RICHARDSON, Texas (Jan. 10, 2005) — Dr. Fang Qiu, an assistant professor of geographic information sciences at The University of Texas at Dallas (UTD), has been awarded a $70,000 grant from the National Aeronautics and Space Administration (NASA) to help create a system that will track scientific information about the Earth for use in higher education.
The grant was funded under NASA’s Earth Observing System (EOS) Higher Education Alliance, and Qiu will serve as co-investigator of the initiative, alongside researchers from George Mason University in Fairfax, Va., the City University of New York and Northern Illinois University.
For the project, Qiu and the other scientists will develop a Web-based information system called “GeoBrain.” The system will make NASA’s EOS information easily accessible to users in the higher education community and allow them to develop interoperable, Web-executable geospatial service modules and models for extracting customized data and information. It will have the capability to deliver a data-enhanced geospatial learning and research environment to the desktops of students and professors.
The project is part of the Earth Observing System’s Earth Science Research, Education and Applications Solutions Network program, which was established to create a distributed network of data and information providers for Earth science research, applications and education.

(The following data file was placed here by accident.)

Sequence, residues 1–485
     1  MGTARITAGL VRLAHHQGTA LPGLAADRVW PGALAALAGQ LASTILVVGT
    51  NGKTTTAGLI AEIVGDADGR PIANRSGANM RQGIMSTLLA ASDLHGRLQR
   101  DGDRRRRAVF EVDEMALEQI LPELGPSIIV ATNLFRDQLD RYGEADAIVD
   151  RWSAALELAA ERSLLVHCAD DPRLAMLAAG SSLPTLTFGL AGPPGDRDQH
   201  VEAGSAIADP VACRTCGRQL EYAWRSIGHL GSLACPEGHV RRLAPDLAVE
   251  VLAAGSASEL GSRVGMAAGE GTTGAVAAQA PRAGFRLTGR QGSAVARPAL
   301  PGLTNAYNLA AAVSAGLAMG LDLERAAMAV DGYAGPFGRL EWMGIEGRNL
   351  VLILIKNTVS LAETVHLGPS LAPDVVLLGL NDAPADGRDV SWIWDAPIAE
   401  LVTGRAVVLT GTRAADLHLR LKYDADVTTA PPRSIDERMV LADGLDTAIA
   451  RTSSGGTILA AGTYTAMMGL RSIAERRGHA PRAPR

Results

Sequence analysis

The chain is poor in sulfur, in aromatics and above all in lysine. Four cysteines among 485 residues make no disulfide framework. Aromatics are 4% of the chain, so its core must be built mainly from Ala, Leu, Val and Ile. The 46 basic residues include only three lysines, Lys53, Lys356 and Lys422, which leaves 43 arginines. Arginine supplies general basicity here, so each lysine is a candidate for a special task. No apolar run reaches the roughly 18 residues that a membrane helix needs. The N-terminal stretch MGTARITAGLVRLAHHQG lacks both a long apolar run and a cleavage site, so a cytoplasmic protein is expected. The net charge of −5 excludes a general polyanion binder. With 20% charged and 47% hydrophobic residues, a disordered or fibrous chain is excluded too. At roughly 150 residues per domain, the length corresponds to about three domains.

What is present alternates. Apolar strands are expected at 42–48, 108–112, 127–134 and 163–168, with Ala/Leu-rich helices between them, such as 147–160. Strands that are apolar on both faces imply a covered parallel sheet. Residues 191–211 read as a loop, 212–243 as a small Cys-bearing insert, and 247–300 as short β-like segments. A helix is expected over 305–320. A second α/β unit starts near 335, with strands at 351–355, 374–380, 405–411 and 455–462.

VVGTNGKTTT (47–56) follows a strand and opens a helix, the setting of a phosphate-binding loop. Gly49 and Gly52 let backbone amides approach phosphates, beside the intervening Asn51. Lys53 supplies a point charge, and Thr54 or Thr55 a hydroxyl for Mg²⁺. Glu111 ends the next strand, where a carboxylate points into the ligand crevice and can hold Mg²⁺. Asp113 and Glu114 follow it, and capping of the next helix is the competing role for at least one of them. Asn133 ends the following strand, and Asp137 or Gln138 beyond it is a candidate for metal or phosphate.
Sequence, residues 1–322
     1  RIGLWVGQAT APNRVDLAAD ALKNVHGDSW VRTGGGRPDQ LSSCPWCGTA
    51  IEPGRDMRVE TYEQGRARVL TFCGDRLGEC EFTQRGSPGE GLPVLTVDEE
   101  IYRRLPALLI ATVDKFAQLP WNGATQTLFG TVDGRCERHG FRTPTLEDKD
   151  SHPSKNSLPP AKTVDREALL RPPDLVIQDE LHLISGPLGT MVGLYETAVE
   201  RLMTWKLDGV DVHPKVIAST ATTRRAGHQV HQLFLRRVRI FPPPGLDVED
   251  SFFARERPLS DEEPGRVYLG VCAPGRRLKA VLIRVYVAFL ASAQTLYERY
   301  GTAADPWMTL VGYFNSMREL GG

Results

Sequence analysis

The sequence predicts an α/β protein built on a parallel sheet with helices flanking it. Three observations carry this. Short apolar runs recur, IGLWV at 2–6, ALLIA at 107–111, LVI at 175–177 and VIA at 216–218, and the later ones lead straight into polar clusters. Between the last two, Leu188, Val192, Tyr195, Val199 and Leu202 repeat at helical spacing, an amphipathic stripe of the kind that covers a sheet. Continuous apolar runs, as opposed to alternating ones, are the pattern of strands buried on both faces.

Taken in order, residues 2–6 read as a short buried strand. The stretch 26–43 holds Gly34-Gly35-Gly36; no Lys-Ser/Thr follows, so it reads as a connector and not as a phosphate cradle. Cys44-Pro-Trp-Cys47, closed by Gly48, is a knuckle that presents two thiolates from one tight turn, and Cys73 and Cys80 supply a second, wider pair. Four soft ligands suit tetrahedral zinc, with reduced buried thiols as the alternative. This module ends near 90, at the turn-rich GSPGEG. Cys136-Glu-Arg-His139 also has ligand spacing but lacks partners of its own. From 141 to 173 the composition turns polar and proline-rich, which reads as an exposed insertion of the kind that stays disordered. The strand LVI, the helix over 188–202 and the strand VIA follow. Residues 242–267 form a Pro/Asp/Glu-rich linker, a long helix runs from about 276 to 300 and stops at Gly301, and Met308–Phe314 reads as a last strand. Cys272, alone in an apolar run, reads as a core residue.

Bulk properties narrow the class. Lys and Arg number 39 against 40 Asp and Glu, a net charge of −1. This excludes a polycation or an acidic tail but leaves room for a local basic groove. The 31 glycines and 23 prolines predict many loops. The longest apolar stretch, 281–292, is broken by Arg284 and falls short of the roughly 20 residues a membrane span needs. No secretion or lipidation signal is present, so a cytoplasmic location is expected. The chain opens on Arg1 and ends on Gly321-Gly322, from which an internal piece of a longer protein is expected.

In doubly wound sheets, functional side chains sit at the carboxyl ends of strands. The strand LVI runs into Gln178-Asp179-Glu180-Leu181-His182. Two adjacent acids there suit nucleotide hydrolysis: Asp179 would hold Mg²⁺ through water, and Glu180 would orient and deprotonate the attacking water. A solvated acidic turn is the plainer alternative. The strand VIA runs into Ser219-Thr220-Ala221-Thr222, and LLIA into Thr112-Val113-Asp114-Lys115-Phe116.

NASA’s EOS is made up of a series of satellites, a science component and a data system that supports a coordinated series of polar-orbiting and low-inclination satellites for long-term global observations of the land surface, biosphere, solid Earth, atmosphere and oceans.
Qiu teaches graduate courses in geographic information science and remote sensing in UTD’s School of Social Sciences. He has conducted numerous government-sponsored projects at the National Laboratory of Resources and Environmental Information Systems of China, as well as for NASA’s Affiliated Research Center. Qiu has served as a reviewer for numerous academic journals and book publishers.
Qiu received his Bachelor of Science degree from the East China Normal University, his Master of Science from the Chinese Academy of Sciences and his Ph.D. from the University of South Carolina.
The University of Texas at Dallas, located at the convergence of Richardson, Plano and Dallas in the heart of the complex of major multinational technology corporations known as the Telecom Corridor®, enrolls more than 14,000 students. The school’s freshman class traditionally stands at the forefront of Texas state universities in terms of average SAT scores. The university offers a broad assortment of bachelor’s, master’s and doctoral degree programs. For additional information about UTD, please visit the university’s web site at www.utdallas.edu.